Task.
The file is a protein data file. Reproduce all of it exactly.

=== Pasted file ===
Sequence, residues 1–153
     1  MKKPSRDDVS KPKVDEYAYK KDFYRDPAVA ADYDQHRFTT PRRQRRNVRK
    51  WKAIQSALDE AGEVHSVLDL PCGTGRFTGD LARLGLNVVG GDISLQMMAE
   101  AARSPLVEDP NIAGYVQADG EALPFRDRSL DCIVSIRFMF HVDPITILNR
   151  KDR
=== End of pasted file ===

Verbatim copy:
Sequence, residues 1–153
     1  MKKPSRDDVS KPKVDEYAYK KDFYRDPAVA ADYDQHRFTT PRRQRRNVRK
    51  WKAIQSALDE AGEVHSVLDL PCGTGRFTGD LARLGLNVVG GDISLQMMAE
   101  AARSPLVEDP NIAGYVQADG EALPFRDRSL DCIVSIRFMF HVDPITILNR
   151  KDR